The 60-year-old work is billed as "an epic tale about a man who, belatedly in life, learns the true meaning of patriotism and honor in this drama set in the early days of the Second World War," according to the announcement by Firedrake Productions. "It was never filmed — but thanks to adapters Joseph Rinaldi and Kathleen Rowlands, the work will have its world stage premiere."
The play is set in 1940 France, when the Nazis are on march and seemingly unstoppable. "Caught in their path is one Louis Garoux, an elderly, homeless rapscallion who wants nothing more than good food and a good bottle of wine — no matter who they belong to — an attitude which more than once has landed him in jail," according to production notes. "Escaping his latest incarceration, he ends up in the seaside town of Beaudrais, where he's befriended by several townspeople who believe him to have fought valiantly against the invaders — a fiction Louis does nothing to discourage. While Louis would like nothing better than for the war to simply pass him by, some of those around him feel quite differently. These people would gladly sacrifice their lives, and the lives of others, for their ideals, as Louis comes to realize when he finds himself caught up in the danger and intrigue of a town ready to explode. It is this sense of sacrifice that leaves him with only two ways out in this tale of war, honor, redemption and accidental heroes."
By the time of his death in 2000, Ring Lardner, Jr. had won Academy Awards for his screenplays of "Woman of the Year," starring Katharine Hepburn and Spencer Tracy, and "M.A.S.H." He was better known, perhaps, as one of the "Hollywood 10" that refused to testify before the House Un-American Activities Committee hearings in the mid-1950s. Refusing to implicate his friends, he was pronounced in contempt of court and sentenced to a year in prison.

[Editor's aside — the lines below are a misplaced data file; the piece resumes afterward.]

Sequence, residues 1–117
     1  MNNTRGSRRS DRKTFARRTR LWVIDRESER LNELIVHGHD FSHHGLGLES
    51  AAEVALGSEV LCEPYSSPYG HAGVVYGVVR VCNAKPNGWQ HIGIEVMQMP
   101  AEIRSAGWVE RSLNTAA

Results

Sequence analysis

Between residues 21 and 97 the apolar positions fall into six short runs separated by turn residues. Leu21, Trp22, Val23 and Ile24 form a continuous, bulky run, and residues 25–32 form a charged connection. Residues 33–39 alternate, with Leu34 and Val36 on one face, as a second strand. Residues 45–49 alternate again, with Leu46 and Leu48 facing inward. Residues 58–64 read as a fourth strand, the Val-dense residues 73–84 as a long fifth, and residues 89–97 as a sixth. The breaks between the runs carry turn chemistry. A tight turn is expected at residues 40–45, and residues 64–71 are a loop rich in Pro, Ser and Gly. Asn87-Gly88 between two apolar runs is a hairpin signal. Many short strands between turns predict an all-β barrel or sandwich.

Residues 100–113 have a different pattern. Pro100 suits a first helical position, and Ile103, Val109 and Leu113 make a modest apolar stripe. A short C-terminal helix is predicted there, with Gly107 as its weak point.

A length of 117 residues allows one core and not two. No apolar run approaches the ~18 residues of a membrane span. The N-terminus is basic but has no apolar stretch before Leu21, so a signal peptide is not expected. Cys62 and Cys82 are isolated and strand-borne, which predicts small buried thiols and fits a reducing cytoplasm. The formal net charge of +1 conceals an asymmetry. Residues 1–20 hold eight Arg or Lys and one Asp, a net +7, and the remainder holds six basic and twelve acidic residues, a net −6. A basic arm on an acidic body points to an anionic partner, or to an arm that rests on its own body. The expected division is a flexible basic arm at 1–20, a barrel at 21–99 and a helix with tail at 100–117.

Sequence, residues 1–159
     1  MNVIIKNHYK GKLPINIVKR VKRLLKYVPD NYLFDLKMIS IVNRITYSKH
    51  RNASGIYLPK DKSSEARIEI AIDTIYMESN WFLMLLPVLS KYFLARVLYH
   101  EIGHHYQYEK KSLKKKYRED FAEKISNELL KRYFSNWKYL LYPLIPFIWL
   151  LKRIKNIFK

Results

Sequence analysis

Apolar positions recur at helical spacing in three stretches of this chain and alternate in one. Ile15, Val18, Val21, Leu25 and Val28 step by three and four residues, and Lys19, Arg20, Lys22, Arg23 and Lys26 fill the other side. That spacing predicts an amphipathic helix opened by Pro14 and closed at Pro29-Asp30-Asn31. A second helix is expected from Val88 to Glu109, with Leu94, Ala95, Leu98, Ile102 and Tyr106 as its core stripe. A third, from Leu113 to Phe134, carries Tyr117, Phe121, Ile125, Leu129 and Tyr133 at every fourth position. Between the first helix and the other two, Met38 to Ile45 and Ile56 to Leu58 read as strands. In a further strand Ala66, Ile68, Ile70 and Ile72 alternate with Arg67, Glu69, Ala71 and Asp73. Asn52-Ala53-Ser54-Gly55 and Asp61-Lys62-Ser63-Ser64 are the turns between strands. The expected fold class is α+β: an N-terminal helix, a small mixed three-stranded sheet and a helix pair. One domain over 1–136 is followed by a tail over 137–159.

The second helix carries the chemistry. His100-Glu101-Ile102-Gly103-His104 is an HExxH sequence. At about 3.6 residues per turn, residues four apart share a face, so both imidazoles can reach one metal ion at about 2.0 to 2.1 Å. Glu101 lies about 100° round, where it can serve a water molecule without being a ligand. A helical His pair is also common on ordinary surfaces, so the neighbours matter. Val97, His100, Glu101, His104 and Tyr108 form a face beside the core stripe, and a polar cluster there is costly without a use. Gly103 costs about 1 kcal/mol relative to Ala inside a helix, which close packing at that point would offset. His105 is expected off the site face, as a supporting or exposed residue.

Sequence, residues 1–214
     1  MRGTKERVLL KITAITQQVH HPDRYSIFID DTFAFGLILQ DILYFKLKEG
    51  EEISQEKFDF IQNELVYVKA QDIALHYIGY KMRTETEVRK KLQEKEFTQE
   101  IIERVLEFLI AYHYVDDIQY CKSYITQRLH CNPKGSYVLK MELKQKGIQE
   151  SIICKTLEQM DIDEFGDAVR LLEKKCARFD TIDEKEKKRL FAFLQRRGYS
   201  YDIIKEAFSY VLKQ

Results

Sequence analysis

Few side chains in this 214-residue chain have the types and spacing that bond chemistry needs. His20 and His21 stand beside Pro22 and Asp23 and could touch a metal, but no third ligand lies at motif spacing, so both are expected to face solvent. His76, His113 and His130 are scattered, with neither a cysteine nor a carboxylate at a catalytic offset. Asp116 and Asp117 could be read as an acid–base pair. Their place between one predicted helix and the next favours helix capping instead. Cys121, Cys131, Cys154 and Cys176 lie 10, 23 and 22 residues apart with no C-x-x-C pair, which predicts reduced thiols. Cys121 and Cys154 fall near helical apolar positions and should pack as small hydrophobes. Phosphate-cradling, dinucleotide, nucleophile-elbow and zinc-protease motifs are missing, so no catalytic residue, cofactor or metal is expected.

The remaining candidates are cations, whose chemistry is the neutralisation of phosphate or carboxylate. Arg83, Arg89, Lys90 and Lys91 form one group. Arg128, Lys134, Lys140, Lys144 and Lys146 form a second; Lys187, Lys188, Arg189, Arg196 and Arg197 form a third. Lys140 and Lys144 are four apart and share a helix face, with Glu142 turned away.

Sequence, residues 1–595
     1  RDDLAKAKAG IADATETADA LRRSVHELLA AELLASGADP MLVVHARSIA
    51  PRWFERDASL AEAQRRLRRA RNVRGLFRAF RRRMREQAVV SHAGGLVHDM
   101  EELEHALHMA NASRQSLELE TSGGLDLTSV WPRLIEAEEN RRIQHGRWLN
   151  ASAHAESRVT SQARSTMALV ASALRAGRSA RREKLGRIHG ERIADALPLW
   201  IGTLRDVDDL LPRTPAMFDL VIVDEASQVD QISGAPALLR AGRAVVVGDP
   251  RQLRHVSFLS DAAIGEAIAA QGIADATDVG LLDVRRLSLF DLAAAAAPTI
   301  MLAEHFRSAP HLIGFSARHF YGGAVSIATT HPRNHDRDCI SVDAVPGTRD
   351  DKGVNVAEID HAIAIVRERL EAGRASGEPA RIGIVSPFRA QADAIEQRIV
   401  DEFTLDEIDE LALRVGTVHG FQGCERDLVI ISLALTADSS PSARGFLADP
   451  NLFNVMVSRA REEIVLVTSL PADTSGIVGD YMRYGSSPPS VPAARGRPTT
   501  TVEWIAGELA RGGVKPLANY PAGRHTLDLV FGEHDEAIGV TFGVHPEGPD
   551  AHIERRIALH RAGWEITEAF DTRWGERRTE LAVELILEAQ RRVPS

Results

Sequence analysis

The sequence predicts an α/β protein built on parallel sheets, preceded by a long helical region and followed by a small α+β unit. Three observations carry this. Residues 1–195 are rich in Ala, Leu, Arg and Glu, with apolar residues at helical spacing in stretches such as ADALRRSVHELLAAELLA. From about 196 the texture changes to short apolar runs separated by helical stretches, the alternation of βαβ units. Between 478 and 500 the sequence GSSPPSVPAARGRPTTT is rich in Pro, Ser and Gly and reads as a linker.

Trumbo's screen credits include Academy Award winners "Roman Holiday" and "The Brave One," as well as screenplays for "Kitty Foyle," "Spartacus" and "The Sandpiper." A member of the "Hollywood 10," he also refused to answer questions before the Committee and served a 10-month jail term. He died in 1976.
The writers wrote "The Fisherman of Beaudrais," based on a three short stories by Ira Wolfert, during 1942-1943. Beaudrais's stage director is Keith Oncale, founding artistic director of Actors Stock Company NYC (The Shroud, Circus of Infinite Attractions, 10:10, Cozi Sa Wala, The Black & White, Victoria Station and A Slight Ache).
Since its inception, Firedrake Productions "has mounted works that highlight those who have been politically or socially silenced."
Are You Now or Have You Ever Been? (1998) provided insight into the artistic lives of those censored by the McCarthy hearings, while 1999 saw the first New York production of Closet Land, the story of a writer dealing with political and sexual persecution.
Performances of The Fishermen of Beaudrais continue to July 20. The staging is an Equity showcase.
Bank Street Theatre at 155 Bank Street (between West and Washington Streets). Performances play Thursday and Friday at 8 PM, Saturday at 3 PM & 8 PM, Sunday at 3 PM. There is no 3 PM performance on Saturday, July 5 and there is an additional performance on Wednesday July 16 at 8 PM. Tickets are $15 ($12 for students, $10 for seniors and groups of 10 or more). For reservations, call (212) 868-4444 or www.smarttix.com. For more information, visit www.firedrakeproductions.com.